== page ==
2019 - Plastic Waste and Recycling

#74

Good article.

“buy less stuff, which would also have the benefit of reducing some of the upstream waste created when products are made”

I’m not sure consumers will change their buying habits unless manufacturing changes the way they present the product. We became a “throw away society” and now we are seeing the result of those actions.

If we could convince one retail giant to change their bulk buying habits and put pressure on the manufacturers to change the way package their products… It may change attitudes. Walmart??

Another article to read…a change that was made 25 years ago for convenience of travel and the need for humans to wear protection against the sun…

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#75

I read where an island nation had banned sunscreen because of the coral reef damage. That was some time ago. I think this island nation (began with a “B”?) was the first in the world to do this. Talk about a “world leader!”

Remember when buying things in bulk would cost less? I found it odd some years ago many items that we used to buy in bulk started costing more - according to the “unit price” they had to include on their price labels (NYS law many years ago). Coffee was a big one. Little by little we noticed that it was actually cheaper to buy several smaller packages of something than it was to buy one large package. That led to a lot of packaging material to either be recycled or disposed of. Doesn’t make any sense - unless not enough people were buying in bulk? :thinking:

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#76

I think you are right…the costs are higher as most are buying for convenience in single packaging.
Meat packaging is still an issue in grocery stores. Even if you buy directly for the farm and have it butchered, or from the meat shop, they use that waxed or oiled butcher paper…which is compostable… I notice in some products they are using cardboard and a cellulose looking pane on the front that is actually compostable…not just biodegradable, which could take 10000 years.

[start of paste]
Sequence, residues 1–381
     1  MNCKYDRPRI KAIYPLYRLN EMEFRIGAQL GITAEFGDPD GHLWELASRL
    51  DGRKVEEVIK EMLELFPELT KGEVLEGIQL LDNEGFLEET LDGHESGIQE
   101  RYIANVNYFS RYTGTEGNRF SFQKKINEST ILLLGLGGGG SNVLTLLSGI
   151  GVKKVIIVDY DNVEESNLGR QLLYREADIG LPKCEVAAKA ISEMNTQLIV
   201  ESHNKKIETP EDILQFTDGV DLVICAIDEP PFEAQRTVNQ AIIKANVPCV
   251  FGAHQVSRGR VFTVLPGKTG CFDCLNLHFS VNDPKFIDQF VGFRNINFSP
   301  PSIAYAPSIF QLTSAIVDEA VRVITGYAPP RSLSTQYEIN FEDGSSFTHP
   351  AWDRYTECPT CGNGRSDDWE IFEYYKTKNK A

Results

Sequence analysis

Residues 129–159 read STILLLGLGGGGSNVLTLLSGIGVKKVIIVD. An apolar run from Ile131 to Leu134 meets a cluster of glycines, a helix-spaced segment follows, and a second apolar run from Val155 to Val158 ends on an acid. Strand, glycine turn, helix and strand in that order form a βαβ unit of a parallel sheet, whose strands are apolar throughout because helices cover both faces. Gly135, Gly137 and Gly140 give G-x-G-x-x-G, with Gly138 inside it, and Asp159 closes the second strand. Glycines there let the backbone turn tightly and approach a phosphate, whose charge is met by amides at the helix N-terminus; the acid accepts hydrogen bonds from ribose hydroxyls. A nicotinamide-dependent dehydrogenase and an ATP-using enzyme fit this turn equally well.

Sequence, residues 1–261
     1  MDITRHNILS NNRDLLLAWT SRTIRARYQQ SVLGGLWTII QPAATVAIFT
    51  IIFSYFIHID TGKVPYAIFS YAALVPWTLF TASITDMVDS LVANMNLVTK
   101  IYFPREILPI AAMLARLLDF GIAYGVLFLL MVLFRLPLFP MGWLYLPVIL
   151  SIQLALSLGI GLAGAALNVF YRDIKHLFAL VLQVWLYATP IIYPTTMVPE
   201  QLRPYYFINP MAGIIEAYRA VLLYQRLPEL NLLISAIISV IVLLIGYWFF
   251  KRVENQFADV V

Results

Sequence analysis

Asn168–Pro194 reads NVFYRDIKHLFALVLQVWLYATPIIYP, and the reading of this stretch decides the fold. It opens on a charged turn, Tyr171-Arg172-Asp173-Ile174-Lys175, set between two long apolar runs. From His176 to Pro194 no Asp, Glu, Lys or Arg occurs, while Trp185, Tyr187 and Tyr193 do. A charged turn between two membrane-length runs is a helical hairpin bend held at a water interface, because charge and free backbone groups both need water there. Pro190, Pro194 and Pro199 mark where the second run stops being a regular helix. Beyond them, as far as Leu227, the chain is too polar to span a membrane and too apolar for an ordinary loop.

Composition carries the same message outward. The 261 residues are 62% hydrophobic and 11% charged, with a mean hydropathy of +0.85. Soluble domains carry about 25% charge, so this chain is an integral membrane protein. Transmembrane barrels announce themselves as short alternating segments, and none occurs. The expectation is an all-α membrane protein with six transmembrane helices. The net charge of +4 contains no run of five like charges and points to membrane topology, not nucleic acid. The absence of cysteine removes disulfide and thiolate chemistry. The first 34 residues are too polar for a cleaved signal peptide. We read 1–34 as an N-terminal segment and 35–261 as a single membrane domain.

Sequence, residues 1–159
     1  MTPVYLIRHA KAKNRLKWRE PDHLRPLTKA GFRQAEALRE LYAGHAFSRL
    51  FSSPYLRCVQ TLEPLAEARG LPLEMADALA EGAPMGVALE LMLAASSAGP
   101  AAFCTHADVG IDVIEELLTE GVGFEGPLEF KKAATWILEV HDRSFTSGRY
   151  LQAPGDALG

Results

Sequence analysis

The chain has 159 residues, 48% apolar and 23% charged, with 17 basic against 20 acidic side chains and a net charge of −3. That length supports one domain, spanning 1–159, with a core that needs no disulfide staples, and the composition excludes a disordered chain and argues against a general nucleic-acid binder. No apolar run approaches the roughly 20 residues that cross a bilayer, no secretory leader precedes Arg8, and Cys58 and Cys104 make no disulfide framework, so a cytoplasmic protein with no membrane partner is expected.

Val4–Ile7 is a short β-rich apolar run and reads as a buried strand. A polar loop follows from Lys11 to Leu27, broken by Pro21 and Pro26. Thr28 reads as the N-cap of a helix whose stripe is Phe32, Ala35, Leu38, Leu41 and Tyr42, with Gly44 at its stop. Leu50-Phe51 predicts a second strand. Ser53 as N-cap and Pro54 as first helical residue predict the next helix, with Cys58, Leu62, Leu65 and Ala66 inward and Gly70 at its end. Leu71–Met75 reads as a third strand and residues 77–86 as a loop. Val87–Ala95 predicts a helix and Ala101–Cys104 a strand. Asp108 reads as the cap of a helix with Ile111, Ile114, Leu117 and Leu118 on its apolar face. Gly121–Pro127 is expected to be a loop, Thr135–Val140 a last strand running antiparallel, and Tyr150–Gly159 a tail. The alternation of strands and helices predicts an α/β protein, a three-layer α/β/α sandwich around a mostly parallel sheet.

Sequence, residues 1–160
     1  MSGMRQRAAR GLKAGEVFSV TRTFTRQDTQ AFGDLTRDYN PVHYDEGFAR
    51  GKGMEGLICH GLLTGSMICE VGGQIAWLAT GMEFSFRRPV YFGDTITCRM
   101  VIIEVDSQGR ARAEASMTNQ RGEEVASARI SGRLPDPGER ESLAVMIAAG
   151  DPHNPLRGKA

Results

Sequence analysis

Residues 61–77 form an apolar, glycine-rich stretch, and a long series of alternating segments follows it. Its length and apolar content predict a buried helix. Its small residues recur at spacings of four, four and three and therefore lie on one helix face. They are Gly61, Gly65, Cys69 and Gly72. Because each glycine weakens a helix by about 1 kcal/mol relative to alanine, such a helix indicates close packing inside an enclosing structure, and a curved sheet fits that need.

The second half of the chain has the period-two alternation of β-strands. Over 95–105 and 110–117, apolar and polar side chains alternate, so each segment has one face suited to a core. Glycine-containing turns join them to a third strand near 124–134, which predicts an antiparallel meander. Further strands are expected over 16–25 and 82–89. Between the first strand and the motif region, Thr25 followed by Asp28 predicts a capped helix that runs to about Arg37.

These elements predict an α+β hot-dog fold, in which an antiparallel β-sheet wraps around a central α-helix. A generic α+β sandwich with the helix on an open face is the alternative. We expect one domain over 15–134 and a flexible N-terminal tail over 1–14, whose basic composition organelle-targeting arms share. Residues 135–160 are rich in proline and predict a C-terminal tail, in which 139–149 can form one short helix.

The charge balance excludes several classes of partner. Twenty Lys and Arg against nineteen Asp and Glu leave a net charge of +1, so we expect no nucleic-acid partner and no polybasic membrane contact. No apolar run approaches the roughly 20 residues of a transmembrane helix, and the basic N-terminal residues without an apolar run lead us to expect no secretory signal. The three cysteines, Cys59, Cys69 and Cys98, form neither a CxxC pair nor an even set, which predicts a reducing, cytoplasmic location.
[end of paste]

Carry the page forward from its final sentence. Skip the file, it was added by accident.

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#77

I remember when Donna and I were first married. There was a Mom & Pop store around the corner from us where the husband was a butcher. He had sides of beef and pork hanging in his walk-in freezer. We always bought our meats from them… freshly cut to order and wrapped in that brown butchers’ paper. Even growing up my mother used to send one or two of us kids down to the corner grocery store which was also a butcher shop - Wasserman I think his last name was. And there was an older couple who had a small store around the corner and two doors down on the next street that was also a small grocery store. It was run by an old Italian couple who were both butchers. Mary, the wife would make her own Italian sausage - sweet and hot varieties - which my mother always had us buy for “spaghetti night” (Wednesdays). Those were the days… a lot of Mom & Pop stores on every block. Little by little either the owners either got too old to continue, passed away or just couldn’t compete with the big chains. Sad… I think of the three small stores around my old homestead, only one is still running. I think that’s because it’s on a corner which is also a bus stop (public transportation). How times have changed… and not for the better.